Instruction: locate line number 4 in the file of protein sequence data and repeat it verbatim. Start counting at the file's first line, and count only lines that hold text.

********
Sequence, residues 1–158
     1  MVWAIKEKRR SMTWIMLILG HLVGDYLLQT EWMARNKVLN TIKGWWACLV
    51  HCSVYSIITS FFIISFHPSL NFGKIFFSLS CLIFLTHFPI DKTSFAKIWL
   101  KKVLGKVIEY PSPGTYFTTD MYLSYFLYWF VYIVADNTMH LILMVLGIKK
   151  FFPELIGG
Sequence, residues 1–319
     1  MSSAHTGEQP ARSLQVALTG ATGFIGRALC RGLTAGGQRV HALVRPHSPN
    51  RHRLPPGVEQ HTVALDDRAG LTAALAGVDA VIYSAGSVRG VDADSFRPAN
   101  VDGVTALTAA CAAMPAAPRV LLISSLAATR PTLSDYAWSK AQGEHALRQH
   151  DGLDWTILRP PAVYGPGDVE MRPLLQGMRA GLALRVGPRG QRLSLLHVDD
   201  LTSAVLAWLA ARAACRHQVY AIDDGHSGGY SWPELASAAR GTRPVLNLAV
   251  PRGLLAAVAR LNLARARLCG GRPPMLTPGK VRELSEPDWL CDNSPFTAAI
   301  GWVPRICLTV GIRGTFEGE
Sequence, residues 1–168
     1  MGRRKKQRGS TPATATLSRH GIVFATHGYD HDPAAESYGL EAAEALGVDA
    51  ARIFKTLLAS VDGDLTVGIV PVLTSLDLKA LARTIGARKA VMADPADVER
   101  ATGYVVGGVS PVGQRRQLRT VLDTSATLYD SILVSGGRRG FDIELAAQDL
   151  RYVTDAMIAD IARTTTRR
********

   101  KKVLGKVIEY PSPGTYFTTD MYLSYFLYWF VYIVADNTMH LILMVLGIKK